I didn’t want to be so direct at our meeting on this topic, but to me the mainstreaming of extremism in our routine political discourse is the most important political development of the past 10 years. I know it’s hard for a non-partisan political discussion group like ours to acknowledge this elephant in the room, but at least on-line I can link to some of the evidence that we may be entering a new and more than a little frightening political phase.
Hey — we’re only mimicking the blackout of this topic in the news media, which is afraid of it. That’s one reason I posted earlier a list of news/politics oriented sites that do not self-censor like this.
And those sites don’t even track the right-wing day-to-day and report what gets said, over and over, day after day. Others do (here, here, and here). It’s not just talk. This article sums it up pretty nicely.
“The speed with which conservatives went from zero to hysterical in 2009 was impressive, but it’s the mainstreaming of sheer madness that doesn’t get the attention it deserves. As [another columnist] noted, “[A]ccusations that once were beyond the pale — not just talk of Nazis and Marxists but intimations of tyranny, revolution and bloodshed — are now routine.”
And they’re common, not just among fringe media personalities and activists, but with the Republican Party establishment [emphasis added by DG].
It’s tempting to think there will be eventually be a Joseph Welch moment, but no one in the party seems willing to step up and acknowledge that Republicans shouldn’t follow the orders of unhinged zealots. On the contrary, they’re afraid to disappoint the radical base, which may in turn undermine the GOP’s “enthusiasm gap” edge.
And so the Republican Party shows no meaningful qualms about becoming the party of conspiracy theories (“Birthers,” Gulf oil spill was deliberate), wild-eyed accusations (ACORN, “re-education camps,” Gestapo-like security forces, New Black Panther Party), and radical policy positions (a five-year spending freeze to address a global economic crisis, the belief that tax cuts pay for themselves, a freeze on federal regulations, willful ignorance about energy, health, and education policy, the entire Sharron Angle/Rand Paul platform).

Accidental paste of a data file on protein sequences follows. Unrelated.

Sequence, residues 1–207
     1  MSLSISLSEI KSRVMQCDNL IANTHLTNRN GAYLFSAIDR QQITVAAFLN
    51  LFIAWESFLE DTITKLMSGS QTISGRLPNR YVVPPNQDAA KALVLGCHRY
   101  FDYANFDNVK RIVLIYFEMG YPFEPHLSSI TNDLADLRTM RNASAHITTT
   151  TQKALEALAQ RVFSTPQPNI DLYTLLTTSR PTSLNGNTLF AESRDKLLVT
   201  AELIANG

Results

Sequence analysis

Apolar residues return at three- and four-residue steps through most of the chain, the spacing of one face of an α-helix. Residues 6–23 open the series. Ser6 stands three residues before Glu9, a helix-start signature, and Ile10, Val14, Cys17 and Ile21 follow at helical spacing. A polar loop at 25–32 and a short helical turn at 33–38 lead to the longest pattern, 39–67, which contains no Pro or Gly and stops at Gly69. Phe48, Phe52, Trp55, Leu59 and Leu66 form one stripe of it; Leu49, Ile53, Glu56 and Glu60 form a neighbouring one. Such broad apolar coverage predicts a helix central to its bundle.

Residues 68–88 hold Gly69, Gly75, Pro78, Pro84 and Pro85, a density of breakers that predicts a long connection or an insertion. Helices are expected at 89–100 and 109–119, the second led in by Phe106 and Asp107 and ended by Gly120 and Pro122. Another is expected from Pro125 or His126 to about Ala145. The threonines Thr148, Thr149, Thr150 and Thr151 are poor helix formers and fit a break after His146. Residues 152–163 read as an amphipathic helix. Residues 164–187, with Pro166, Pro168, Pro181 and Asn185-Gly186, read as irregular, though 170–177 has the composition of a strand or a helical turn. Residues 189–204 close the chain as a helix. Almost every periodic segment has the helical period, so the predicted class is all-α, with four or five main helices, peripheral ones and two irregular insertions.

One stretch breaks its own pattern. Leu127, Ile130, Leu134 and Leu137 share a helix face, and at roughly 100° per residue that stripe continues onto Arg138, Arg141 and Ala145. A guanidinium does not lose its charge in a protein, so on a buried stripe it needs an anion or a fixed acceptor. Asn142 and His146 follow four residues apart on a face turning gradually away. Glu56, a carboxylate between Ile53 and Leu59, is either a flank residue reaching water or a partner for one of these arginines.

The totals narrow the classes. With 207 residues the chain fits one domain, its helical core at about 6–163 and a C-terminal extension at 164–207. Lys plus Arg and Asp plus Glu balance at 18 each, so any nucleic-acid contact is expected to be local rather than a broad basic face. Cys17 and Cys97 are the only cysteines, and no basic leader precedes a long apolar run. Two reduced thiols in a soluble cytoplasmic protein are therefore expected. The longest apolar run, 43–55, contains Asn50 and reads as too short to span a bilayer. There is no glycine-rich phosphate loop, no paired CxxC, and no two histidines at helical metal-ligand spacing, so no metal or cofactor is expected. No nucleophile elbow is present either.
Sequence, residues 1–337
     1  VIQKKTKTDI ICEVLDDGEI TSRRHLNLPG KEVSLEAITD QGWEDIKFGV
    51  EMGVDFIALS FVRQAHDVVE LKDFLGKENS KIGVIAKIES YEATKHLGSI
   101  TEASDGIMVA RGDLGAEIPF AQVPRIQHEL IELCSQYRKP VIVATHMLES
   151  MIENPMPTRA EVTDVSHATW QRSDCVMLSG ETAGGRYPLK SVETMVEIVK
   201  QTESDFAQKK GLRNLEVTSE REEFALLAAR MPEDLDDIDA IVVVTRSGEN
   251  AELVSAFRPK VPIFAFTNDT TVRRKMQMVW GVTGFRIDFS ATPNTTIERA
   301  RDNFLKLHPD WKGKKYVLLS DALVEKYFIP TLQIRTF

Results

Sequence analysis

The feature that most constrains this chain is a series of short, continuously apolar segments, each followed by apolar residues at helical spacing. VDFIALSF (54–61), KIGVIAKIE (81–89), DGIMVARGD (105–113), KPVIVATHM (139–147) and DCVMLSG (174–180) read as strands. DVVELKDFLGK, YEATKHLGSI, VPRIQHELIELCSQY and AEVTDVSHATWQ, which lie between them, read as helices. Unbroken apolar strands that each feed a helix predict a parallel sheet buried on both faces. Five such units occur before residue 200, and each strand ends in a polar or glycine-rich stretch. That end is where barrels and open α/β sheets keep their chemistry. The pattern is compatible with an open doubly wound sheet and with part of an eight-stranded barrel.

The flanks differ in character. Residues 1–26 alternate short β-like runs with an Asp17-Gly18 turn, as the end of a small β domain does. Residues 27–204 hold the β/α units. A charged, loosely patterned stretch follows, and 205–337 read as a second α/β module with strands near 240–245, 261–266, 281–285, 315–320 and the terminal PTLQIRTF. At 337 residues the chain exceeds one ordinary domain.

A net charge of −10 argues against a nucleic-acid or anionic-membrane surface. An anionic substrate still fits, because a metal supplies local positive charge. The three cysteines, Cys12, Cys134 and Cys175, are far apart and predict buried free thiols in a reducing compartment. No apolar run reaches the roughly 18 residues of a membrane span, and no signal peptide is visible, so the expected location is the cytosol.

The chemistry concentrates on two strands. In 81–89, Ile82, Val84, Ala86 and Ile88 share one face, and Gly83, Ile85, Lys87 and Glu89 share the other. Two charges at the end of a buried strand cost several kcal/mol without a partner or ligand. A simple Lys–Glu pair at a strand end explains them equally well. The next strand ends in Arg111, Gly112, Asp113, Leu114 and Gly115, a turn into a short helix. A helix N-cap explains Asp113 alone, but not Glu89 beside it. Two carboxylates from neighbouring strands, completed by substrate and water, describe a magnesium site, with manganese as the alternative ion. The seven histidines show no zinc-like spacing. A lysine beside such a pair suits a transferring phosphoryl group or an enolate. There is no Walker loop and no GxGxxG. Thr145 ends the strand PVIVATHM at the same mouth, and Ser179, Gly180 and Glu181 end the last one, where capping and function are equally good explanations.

Rage and paranoia are not an attractive combination, but they’re driving the GOP talking points and the larger political discourse. So, when a member of the Republican leadership talked about the GOP emulating the Taliban, no one in the party deemed this controversial. When Republicans regularly compare U.S. leaders to Germany in the 1930s, the party mainstream barely bats an eye. When GOP policymakers openly discuss the prospect of state nullification of federal laws, no one in the Republican ranks steps up to say, “Good Lord, these people are mad.”
…The point isn’t that political radicalism is new; it’s clearly not. Rather, the key development over the last 18 months is the ways in which right-wing extremism has gone mainstream — with the consent of the Republican Party, which sees the electoral benefits of blind rage and fear.
Later I’ll focus more on November and the prospects for a Republican takeover and what policies they say they will pursue if they are returned to power.